Performers like Jack Johnson delivered laid back sets earlier in the day, but Big Boi and Andre 3000 didn’t waste any time turning energy levels all the way up, and jumped right into the bass-fueled cut “B.O.B.”
Where to go from here? Into all of their greatest hits, that’s where. OutKast was in golden form for the last show of the weekend.
Three Stacks, with his penchant for off-the-wall outfits, kept it weird and wonderful in a white wig and black jumper emblazoned with the text, “Big girls are beautiful to me.” And then there was the reversible “For Sale/Sold Out” sign hanging from his waist — a glimpse into his thoughts, perhaps?
Big Boi balanced Andre’s quirky getup with a fresh white button down shirt and matching shorts, splattered with floral prints.
Classics like “Rosa Parks” and “Ms. Jackson” were peppered into the first round of songs — making the crowd go absolutely insane — and Sleepy Brown’s cameo for “SpottieOttieDopaliscious” was a trip of its own. Because only Sleepy could make a pair of silk pajamas look so good onstage.
Before the boys launched into “Da Art of Storytellin’ (Part 1)” they thanked fans for rockin’ with them for 20 years, recalling their teenage years in the rap game.
When the Atlanta rappers temporarily split up to perform some solo tracks, Big Boi reminisced about the days of practicing raps in his auntie’s kitchen. He then delivered songs like “Kryptonite,” “Ghettomusick” and crowd favorite “The Way You Move,” while spitting inside of an LED-lit box, shadowed by holographic images of himself and Andre.
After commanding the crowd to engage in a chant of “Come back 3000,” Three Stacks returned for three of his own cuts, including “She Lives in My Lap” and “Hey Ya!”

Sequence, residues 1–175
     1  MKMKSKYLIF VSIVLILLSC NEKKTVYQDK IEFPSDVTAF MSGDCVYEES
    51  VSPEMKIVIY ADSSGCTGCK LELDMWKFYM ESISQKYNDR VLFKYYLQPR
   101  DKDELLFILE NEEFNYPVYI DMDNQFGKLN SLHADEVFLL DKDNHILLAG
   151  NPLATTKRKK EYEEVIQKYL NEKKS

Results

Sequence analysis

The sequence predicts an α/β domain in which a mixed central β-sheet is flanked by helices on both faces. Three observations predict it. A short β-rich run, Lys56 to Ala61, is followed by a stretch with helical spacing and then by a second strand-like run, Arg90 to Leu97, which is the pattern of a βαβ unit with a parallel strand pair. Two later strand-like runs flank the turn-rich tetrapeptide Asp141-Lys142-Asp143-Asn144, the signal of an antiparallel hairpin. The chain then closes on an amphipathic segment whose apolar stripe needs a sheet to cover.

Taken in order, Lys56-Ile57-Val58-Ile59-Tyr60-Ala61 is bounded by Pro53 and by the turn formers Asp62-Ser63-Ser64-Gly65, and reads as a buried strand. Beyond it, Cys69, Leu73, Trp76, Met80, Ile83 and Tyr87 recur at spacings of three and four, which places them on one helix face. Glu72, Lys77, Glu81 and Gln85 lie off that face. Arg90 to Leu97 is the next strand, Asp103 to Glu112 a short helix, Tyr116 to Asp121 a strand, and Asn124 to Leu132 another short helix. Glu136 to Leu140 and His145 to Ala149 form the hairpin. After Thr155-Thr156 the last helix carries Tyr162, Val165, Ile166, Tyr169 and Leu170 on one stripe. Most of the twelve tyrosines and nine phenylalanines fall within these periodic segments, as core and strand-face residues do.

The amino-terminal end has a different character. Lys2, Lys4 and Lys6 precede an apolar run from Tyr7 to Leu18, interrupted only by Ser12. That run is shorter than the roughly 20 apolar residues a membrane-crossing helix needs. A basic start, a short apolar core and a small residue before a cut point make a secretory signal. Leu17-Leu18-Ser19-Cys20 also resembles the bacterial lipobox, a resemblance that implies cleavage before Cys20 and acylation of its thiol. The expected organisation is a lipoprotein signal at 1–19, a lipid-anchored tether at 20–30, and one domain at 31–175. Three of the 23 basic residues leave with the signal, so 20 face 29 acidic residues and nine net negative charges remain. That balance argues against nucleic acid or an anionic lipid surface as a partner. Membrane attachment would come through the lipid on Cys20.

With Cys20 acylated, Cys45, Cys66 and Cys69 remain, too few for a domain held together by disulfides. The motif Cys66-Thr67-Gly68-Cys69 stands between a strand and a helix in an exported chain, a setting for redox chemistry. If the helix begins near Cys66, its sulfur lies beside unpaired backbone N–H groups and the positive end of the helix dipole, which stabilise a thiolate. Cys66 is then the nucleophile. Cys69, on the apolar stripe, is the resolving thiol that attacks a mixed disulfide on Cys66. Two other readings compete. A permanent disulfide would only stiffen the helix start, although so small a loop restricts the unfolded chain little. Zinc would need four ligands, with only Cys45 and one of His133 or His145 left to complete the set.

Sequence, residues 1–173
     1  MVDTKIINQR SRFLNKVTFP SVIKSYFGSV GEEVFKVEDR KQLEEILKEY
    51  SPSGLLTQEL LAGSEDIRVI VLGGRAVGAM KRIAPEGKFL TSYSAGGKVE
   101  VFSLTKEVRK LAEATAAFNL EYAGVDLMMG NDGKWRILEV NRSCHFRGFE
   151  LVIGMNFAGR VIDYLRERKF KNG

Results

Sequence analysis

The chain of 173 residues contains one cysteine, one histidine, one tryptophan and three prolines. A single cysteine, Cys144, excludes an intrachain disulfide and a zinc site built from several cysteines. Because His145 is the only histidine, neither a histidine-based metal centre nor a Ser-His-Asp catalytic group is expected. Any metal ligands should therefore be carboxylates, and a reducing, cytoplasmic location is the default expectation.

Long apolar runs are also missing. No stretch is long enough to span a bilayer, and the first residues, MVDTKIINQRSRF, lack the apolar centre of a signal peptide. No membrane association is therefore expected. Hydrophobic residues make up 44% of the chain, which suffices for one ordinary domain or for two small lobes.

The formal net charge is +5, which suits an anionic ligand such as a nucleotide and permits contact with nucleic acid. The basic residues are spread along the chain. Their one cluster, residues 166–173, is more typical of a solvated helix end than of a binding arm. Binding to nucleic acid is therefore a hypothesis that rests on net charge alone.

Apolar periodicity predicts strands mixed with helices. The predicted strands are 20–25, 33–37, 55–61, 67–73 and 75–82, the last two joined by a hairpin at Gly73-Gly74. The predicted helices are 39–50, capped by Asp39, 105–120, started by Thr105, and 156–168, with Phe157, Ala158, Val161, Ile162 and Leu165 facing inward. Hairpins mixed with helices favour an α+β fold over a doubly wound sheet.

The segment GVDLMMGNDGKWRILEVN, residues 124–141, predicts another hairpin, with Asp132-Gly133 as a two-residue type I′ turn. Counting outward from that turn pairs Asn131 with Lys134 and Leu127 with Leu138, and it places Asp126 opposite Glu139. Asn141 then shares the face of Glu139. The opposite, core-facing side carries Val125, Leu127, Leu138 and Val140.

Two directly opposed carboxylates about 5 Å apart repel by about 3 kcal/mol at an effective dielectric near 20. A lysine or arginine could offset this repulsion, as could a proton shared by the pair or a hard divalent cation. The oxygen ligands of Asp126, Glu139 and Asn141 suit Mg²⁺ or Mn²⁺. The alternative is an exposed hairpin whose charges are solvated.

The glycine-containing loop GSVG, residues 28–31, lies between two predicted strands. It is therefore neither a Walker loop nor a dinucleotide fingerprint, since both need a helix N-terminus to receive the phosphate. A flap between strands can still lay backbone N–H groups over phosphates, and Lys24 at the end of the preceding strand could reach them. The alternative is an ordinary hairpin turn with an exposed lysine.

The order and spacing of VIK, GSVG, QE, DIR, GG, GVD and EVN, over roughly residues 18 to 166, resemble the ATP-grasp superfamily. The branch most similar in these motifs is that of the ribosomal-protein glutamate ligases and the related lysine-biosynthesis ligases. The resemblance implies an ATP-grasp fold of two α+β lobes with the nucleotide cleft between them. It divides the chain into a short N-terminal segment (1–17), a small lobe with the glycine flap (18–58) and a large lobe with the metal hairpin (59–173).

Note: only when you see OutKast live, for the first time, do you realize just how many different ways there are to “shake it like a Polaroid picture.” Andre summoned some ladies from the audience to join him on stage for that particular number.
With the crowd sufficiently engrossed, the duo took an opportunity to dive into some of their earliest material, hitting more tracks from their 1994 debut Southernplayalisticadillacmuzik, including “Hootie Hoo,” “Players Ball,” “Crumblin’ Erb,” and the album’s title track.
Those nostalgic numbers made the last few songs of the night that much more hard-hitting. It was just one smash after another — Andre and Big Boi had clearly hit their stride, after warming up with those early festival sets.
A spirited sing-a-long to “Roses” was followed by “So Fresh, So Clean,” UGK’s “International Players Anthem,” and “The Whole World,” which commanded an appearance from Killer Mike.
At this point the crowd was an eruption of cheers, and although Big Boi and Andre didn’t return for an encore, no one could dispute that they had completely owned the weekend.
All hail the ATLiens.